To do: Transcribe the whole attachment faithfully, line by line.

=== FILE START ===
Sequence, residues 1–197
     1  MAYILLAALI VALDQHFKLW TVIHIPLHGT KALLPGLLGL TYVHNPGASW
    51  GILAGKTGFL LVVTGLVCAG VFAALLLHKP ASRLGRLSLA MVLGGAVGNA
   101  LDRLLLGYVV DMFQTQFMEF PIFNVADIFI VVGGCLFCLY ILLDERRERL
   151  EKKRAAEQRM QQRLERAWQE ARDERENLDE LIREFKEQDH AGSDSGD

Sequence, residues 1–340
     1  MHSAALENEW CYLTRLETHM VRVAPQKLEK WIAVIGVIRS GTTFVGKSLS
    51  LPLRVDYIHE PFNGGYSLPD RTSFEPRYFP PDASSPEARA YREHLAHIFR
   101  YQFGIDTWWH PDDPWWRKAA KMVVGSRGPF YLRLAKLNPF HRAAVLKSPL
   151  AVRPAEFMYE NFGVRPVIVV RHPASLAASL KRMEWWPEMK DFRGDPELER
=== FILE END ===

Sequence, residues 1–197
     1  MAYILLAALI VALDQHFKLW TVIHIPLHGT KALLPGLLGL TYVHNPGASW
    51  GILAGKTGFL LVVTGLVCAG VFAALLLHKP ASRLGRLSLA MVLGGAVGNA
   101  LDRLLLGYVV DMFQTQFMEF PIFNVADIFI VVGGCLFCLY ILLDERRERL
   151  EKKRAAEQRM QQRLERAWQE ARDERENLDE LIREFKEQDH AGSDSGD

Sequence, residues 1–340
     1  MHSAALENEW CYLTRLETHM VRVAPQKLEK WIAVIGVIRS GTTFVGKSLS
    51  LPLRVDYIHE PFNGGYSLPD RTSFEPRYFP PDASSPEARA YREHLAHIFR
   101  YQFGIDTWWH PDDPWWRKAA KMVVGSRGPF YLRLAKLNPF HRAAVLKSPL
   151  AVRPAEFMYE NFGVRPVIVV RHPASLAASL KRMEWWPEMK DFRGDPELER